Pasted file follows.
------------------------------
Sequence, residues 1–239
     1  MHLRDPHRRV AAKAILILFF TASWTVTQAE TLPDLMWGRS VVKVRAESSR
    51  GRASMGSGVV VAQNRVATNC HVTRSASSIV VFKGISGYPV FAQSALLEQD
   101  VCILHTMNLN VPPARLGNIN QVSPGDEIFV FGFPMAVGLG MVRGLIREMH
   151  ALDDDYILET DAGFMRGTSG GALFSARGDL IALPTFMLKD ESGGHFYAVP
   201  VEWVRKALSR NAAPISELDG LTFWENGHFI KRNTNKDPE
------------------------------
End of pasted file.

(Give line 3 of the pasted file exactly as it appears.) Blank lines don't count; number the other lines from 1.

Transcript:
    51  GRASMGSGVV VAQNRVATNC HVTRSASSIV VFKGISGYPV FAQSALLEQD